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the national center for state courts is a private, nonprofit corporation created to promote the rule of law and to work with the state courts in improving the administration of justice. to provide them with information that's going to be helpful to them. we first conduct research of issues that affect the administration of justice. hopefully, we develop some solutions. we pilot test those solutions, come up with best practices. different kind of scans of the brain. we have an educational arm that we use to produce training programs that we share what we've learned with the leaders in the court field. the translating drug court research into practice initiative is part of a general trend in recent years towards more and more emphasis on what does research have to say that can benefit the person who's on the ground? so instead of researchers talking to one another, they're really trying to take our research and make it
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available to people in ways that could improve the job that they do. the r2p program is a cooperative agreement between the national institute of justice, the bureau of justice assistance, the office of criminal justice programs of the school of public affairs of american university and the national center for state courts. the purpose of the project is really to deliver the best research that's out there, including new and emerging research that will be relevant to the problems that the field is facing. so, we came up with the project of trying to develop ways to more timely and in a more interactive way share what has been learned, so that people can, as the name implies, move from the theory of the research to putting it into practical application. the r2p project tries to help people by condensing, through our efforts ahead of time, to distill really
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what is the best evidence that's available that's relevant to the work of people who work in drug courts. so, we are then able to, by using experts and by preparing background information, to give people the very latest guidance on how they should do their work in order to promote effectiveness in what they are trying to accomplish. it's important to disseminate this information to the practitioners that are out there, so that they can understand better who's coming to the table, how do they relate to one another at the table, and how can they make the most effective decisions. understanding that type of research, i think, is really valuable. it's not only important in translating research into practice but also translating in a way that can draw on the experience of practitioners that have tried to use research findings and what are the barriers that they find. trying to take advantage of quick turnaround and quick conveyance to mass audiences of information, but, at the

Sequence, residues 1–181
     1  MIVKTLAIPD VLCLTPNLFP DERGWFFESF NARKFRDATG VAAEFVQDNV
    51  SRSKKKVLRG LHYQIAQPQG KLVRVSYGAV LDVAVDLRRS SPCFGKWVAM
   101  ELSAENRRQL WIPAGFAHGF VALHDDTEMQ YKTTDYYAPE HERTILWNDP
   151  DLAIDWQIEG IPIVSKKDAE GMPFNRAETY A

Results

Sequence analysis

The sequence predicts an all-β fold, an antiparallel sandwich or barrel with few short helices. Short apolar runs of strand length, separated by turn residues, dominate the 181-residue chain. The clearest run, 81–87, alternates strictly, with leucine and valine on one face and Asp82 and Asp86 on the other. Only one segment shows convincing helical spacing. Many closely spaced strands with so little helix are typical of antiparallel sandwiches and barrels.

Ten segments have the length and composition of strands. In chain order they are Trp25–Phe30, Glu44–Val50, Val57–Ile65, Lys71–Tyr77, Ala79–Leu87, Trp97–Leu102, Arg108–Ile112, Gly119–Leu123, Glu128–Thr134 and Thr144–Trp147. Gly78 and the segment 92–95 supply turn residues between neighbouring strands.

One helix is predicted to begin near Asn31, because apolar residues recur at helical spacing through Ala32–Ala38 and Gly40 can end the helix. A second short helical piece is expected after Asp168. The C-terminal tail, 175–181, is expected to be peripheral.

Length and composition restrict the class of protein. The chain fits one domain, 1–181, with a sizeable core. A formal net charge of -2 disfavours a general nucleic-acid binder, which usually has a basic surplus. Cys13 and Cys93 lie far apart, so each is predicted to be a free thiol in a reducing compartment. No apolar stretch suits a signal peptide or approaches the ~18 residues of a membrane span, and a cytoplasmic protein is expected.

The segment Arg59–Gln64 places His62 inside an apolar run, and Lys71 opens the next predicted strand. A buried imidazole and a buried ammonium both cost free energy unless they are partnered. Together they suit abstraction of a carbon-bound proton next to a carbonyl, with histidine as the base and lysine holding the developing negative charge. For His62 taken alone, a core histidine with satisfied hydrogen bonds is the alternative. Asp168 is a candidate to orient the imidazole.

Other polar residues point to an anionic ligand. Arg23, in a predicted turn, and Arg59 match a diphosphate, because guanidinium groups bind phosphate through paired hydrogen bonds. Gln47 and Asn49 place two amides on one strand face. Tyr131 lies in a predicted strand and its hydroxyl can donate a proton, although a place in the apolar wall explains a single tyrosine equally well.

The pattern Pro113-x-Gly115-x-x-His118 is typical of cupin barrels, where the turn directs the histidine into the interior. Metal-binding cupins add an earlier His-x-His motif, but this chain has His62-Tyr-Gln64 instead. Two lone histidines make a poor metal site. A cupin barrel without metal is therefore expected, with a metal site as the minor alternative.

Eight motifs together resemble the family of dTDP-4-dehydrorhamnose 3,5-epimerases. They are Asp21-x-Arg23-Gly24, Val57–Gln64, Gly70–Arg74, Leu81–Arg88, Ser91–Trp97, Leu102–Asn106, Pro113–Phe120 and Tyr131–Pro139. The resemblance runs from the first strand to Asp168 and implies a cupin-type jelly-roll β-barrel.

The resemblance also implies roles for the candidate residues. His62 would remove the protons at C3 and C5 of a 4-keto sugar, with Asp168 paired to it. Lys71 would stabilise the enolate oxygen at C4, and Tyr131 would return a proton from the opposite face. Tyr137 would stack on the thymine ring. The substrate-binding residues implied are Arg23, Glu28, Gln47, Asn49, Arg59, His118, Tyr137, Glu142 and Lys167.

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same time, allowing for the interactivity that will allow people to get a greater grasp of what's being said. the partners to this cooperative agreement that is r2p really get together and they try-we try to figure out what are the most important questions that people who work in drug courts have that we have evidence-based research that can be used to assist them. we then start thinking about what kind of resources should we put together, what kind of people should be involved as experts, and then what the format should be. the issue that we were trying to address when we crafted this project was that there's a great deal of good research that's gone on about drug courts and how they function and what's effective and what's not. but there's been a struggle to get that information out to the practitioners in a-first, in a timely way, and, secondly, in a way that is digestible, that it's usable, that is productive.
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there's so little information that's relevant to actual services quickly available that i think that by making this information available to-in a very practical way-to everyone that's involved, but particularly to the criminal justice practitioner that doesn't normally have access to this, this will help strengthen these programs. dr. peterson, i want to go to you because you've mentioned some of the issues that the physicians are facing in terms of when they do their screening and so on, and you also mentioned off camera that you were attempting to work with them on motivational interviewing skills. you want to talk a little bit about that? yeah, and i'm speaking from my experience working with trying to implement sbirt into primary healthcare settings and emergency departments or emergency room settings in wisconsin. one of the things that was very difficult in terms of the implementation, one i mentioned earlier, that busy